However, liquid staking on specific protocols solves this lock-up/liquidity issue by allowing holders of staked assets to get liquidity in the form of a derivative token that they can use as their staked assets continue to earn rewards. This allows them to access other DeFi services, such as lending and borrowing. It's a way to maximize earning potential while having the best of both worlds, but there are risks here too:

  1. Complexity: Liquid staking involves several complex technical processes, including creating and managing liquid staking tokens and integrating multiple protocols and systems. This complexity can make it difficult for non-technical users to understand.
  2. Security: Liquid staking networks rely on specialized wallets and smart contracts to manage the staking process and generate liquid staking tokens. Any vulnerabilities or flaws in these systems could result in the loss of staked funds or other security issues.
  3. Liquidity: The value of liquid staking tokens may be influenced by market conditions and other factors, which can impact the liquidity and tradability of these tokens making it more difficult for users to convert their liquid staking tokens back into their original cryptocurrency or other assets.
  4. Fees: Liquid staking may involve additional fees and costs compared to traditional staking, including transaction fees and fees for creating and managing liquid staking tokens.
  5. Regulatory Risks: Liquid staking is novel, and there is a risk that regulators may introduce new regulations or restrictions that could impact the ability to participate in liquid staking networks. See 'controversy' below.


The U.S. Securities and Exchange Commission (SEC) has not been shy in its opposition to most cryptocurrencies - which they view as illegally unregistered securities in violation of U.S. securities laws.Interestingly, Bitcoin (BTC) does not fall under this categorization in the U.S., where it is treated as a digital commodity.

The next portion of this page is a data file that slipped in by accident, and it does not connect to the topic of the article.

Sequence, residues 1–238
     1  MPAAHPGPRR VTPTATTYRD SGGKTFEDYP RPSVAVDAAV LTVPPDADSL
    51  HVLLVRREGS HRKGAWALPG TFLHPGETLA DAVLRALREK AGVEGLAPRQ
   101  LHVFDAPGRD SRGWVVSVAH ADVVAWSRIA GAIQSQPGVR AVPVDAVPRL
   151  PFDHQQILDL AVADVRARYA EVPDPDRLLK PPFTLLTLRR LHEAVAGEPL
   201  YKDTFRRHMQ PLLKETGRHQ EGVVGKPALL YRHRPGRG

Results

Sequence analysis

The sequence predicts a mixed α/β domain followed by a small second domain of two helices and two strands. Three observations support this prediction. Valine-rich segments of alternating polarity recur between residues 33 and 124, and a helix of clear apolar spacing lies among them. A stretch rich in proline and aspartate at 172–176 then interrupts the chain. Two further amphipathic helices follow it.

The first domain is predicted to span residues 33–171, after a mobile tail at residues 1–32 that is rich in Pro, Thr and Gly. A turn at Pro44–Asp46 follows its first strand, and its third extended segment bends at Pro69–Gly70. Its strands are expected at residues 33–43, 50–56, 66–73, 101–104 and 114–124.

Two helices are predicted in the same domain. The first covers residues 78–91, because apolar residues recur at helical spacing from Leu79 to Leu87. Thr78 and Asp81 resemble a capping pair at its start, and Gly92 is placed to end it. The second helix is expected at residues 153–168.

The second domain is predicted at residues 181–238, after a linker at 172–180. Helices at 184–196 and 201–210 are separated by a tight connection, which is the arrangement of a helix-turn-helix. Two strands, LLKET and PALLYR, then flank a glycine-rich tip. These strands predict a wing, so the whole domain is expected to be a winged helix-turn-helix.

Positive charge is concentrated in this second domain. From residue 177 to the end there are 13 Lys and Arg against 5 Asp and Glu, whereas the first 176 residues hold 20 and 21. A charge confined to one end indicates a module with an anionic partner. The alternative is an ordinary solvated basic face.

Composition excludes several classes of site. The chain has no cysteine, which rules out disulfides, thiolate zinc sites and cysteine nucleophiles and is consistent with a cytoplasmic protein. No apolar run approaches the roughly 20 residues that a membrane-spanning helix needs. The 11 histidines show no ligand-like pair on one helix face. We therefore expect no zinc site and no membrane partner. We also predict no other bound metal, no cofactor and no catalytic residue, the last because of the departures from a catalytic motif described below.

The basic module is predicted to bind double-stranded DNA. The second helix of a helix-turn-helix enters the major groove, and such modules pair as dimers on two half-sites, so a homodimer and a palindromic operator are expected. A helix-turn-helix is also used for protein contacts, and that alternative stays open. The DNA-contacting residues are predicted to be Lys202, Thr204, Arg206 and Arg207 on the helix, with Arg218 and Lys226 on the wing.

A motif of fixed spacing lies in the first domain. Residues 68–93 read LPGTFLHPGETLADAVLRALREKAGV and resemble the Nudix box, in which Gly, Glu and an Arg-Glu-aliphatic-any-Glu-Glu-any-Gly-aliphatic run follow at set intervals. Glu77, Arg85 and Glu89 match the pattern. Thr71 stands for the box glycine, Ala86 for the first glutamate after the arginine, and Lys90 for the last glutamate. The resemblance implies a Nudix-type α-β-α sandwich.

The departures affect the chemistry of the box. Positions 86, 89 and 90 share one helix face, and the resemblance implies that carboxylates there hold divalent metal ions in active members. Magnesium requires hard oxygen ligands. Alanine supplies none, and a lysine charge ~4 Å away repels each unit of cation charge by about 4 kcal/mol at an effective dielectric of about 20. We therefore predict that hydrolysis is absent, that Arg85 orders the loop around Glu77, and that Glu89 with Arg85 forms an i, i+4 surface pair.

The SEC aggressively pursued Kraken in the U.S. Supreme Court as it decided its pooled liquid staking program created "investment contracts" and, therefore, is a form of a security.While staking continues to be available in the United States, the SEC took exception to Kraken's pooled service, and many other staking providers are considering their positions.It's important to note that the SEC didn't go after Coinbase or pursue legal action against decentralized liquid staking protocols.

Kraken was forced to pay a $30 million penalty and immediately cease its U.S. staking service.

Luckily, no custodial penalties were handed out, which would have led to calls of #ReleaseTheKraken - sorry, we couldn't resist.


Staking is a novel, unique, and potentially lucrative way for users to earn passive rewards while contributing to the security and efficiency of blockchain networks.

Staking is not without risk, and we favor decentralized, self-custodial staking, where users can delegate their assets while retaining custody of their private keys. As with all investments, there is no such thing as a "sure thing" - your original assets are at the mercy of market conditions.

However, as the popularity of cryptocurrencies continues to grow, staking is likely here to stay but will face more regulatory scrutiny over time.

Key takeaway: You must do your research, understand the risks involved, and only invest what you can afford to lose.

The Self-Serving Savl Bit

Savl is a self-custodial crypto wallet and operates a decentralized staking service.

Presently Savl users can stake their assets on the Solana (SOL), Rose (OASIS), and VLX (Velas Native) networks to get rewards of between 4% - 10% APY. You can learn more here or simply download Savl and head to Services > Staking to explore.